Cookie Dough is Last Straw for Congress

Food Safety Reform Legislation Passes House, Heads to Senate


WASHINGTON—After years of outbreaks of foodborne illness connected to everything from peanuts to peppers to pet food, and most recently, cookie dough, legislation to reform the nation's food safety system has passed the House of Representatives and is headed to the Senate. The nonprofit Center for Science in the Public Interest hailed the House passage of the Food Safety Enhancement Act as an urgently needed step to help restore Americans' confidence in the food supply.

Under the current system, food manufacturing facilities might be visited by an inspector from the Food and Drug Administration only once every five or 10 years. The bill that passed the House today increases food inspections dramatically: every six to 12 months for high risk facilities; every 18 months to three years for low-risk facilities; and every five years for warehouses. The bill requires companies to identify hazards particular to the foods they produce, and to implement written food safety plans to control those hazards. The bill also gives the FDA authority to issue mandatory recalls of contaminated foods and provides for tougher penalties for negligent processors.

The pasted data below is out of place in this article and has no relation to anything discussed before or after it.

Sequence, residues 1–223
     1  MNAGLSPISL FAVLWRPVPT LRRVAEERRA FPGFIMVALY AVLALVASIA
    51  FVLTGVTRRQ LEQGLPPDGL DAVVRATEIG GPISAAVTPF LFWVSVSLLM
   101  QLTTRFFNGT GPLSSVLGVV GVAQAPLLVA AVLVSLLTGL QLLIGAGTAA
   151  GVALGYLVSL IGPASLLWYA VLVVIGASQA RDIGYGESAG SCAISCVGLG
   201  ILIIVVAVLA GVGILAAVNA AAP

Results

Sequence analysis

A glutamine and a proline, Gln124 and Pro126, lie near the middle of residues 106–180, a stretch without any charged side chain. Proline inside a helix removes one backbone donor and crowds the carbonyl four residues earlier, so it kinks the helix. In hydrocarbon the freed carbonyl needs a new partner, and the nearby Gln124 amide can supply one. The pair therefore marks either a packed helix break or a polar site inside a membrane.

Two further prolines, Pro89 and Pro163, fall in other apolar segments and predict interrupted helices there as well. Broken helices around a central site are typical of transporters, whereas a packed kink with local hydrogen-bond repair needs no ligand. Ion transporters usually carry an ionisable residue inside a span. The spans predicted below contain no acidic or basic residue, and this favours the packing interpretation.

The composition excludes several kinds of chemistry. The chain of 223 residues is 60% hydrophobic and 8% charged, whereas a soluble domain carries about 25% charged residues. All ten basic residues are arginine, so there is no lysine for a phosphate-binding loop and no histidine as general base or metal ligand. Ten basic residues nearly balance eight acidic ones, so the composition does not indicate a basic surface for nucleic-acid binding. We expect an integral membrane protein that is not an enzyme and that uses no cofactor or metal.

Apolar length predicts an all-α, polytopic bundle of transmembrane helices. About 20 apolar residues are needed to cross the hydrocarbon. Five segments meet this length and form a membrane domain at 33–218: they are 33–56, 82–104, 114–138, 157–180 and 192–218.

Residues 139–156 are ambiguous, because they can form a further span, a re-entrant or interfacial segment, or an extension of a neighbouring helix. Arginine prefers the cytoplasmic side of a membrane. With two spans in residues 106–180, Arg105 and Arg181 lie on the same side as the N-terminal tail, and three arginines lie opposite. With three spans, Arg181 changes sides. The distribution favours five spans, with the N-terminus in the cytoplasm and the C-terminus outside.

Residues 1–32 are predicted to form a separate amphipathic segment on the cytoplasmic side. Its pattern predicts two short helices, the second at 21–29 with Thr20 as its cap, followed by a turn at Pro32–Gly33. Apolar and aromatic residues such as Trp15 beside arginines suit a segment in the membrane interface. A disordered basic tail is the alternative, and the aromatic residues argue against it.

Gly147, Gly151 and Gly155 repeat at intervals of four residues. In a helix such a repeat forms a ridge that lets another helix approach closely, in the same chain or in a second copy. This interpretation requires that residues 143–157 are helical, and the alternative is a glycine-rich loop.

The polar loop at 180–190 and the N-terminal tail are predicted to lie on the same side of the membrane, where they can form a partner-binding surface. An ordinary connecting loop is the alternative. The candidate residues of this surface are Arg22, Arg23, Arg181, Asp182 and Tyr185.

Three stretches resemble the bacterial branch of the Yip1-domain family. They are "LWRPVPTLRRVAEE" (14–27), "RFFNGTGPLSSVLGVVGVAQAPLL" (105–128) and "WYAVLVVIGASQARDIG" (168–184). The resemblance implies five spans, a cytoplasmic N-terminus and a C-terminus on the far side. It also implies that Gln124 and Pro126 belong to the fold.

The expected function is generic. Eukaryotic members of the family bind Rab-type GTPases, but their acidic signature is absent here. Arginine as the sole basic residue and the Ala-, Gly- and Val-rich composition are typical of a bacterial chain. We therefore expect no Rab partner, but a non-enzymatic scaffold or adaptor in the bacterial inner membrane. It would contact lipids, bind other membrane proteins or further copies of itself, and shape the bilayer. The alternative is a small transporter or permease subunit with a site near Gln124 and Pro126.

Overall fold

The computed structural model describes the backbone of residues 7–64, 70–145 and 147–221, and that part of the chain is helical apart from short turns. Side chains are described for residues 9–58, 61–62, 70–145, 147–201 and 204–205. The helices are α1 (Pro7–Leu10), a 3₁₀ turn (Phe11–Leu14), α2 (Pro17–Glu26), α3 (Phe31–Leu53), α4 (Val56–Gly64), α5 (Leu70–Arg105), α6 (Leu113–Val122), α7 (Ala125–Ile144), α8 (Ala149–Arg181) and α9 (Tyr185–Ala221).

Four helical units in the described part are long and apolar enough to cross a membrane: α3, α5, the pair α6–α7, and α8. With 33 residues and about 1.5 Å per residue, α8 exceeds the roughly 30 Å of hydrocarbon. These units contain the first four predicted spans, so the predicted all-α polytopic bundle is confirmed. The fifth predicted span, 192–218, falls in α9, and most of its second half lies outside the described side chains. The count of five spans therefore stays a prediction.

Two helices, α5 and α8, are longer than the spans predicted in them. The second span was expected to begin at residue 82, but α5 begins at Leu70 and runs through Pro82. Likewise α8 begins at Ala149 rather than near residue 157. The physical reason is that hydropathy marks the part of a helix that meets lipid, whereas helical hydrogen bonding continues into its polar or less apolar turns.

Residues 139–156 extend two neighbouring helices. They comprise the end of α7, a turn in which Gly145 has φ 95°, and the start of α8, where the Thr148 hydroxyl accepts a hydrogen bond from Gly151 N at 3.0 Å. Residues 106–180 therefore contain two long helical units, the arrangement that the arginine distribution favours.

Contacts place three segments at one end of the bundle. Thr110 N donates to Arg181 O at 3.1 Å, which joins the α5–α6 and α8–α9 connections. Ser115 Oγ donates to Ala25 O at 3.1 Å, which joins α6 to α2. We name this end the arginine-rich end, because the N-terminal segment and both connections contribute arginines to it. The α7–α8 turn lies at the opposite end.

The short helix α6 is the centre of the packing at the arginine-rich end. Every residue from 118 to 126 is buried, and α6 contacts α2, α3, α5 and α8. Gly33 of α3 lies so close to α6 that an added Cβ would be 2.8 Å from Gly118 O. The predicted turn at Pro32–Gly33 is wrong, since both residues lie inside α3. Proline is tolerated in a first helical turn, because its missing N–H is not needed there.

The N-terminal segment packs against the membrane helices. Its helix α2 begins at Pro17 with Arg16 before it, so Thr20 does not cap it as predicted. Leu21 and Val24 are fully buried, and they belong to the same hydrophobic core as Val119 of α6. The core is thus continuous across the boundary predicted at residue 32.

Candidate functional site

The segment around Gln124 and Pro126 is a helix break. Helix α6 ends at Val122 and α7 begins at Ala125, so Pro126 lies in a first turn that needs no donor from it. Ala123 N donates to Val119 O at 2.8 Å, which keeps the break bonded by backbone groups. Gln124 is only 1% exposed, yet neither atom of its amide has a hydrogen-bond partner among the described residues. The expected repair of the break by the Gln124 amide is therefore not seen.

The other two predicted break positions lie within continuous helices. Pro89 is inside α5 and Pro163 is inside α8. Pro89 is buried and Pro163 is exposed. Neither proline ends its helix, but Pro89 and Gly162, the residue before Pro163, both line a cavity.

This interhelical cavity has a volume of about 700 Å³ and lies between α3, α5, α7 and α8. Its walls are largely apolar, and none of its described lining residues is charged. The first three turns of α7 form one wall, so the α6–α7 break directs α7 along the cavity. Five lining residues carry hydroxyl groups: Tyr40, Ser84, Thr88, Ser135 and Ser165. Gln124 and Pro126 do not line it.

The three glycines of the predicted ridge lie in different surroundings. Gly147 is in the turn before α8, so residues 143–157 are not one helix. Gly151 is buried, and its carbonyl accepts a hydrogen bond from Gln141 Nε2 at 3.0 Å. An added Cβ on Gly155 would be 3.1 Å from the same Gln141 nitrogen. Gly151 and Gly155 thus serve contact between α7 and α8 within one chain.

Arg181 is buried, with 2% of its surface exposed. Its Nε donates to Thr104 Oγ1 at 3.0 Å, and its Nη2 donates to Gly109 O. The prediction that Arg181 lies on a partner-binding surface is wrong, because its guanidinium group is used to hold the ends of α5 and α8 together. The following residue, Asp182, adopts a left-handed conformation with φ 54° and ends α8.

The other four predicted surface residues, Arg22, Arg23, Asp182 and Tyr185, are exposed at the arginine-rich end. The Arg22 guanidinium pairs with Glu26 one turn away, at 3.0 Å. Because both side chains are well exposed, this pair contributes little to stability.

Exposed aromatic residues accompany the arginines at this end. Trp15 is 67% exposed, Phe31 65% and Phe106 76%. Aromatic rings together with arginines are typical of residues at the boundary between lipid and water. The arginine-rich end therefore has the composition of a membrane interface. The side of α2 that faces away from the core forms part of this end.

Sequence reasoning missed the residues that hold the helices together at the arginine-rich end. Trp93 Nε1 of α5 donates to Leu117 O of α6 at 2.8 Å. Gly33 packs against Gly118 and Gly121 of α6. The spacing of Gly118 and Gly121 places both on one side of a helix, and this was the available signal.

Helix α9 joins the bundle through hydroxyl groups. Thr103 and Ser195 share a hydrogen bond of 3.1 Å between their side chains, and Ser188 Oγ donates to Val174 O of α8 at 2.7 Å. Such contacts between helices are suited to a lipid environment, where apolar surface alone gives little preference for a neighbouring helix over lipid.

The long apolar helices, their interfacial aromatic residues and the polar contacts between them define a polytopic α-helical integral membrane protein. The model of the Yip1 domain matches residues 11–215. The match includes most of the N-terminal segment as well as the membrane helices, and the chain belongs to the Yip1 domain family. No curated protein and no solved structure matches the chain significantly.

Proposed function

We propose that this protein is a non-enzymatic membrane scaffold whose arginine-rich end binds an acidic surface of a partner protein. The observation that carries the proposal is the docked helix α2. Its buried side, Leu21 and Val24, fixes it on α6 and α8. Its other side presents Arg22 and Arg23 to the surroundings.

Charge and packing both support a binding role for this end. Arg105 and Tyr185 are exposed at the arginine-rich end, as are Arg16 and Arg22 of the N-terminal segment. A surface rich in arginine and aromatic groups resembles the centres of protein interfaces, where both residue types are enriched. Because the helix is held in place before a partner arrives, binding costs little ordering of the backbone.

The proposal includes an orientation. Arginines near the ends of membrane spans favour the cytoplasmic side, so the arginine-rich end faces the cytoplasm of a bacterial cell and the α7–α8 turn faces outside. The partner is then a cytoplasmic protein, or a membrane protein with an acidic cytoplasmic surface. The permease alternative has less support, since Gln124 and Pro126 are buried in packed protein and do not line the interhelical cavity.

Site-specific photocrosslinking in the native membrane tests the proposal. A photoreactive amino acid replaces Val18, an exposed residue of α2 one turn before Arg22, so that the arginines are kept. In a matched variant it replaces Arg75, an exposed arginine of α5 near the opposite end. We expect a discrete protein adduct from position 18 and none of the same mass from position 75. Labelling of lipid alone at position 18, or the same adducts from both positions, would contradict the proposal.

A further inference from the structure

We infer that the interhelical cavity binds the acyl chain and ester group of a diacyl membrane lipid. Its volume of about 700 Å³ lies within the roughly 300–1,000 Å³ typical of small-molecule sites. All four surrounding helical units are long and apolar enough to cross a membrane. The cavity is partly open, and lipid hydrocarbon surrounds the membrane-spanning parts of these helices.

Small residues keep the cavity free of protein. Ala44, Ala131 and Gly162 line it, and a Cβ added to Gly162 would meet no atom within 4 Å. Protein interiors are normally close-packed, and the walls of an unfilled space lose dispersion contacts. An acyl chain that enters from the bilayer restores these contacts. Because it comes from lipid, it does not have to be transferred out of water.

"Consumers want safe foods, and we are tired of having to ask whether the healthy foods we're buying for our families are contaminated with deadly bacteria," said CSPI food safety director Caroline Smith DeWaal. "FDA has been operating under the same law for 70 years and can do little more than respond to outbreaks after the fact. This bill gives the FDA more authority and real enforcement teeth to help prevent more outbreaks, illnesses, and deaths."

The bill is widely supported by a diverse coalition of consumer and health groups and is expected to come before the Senate in the fall. 

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Contact Jeff Cronin (jcronin[at] or Ariana Stone (astone[at]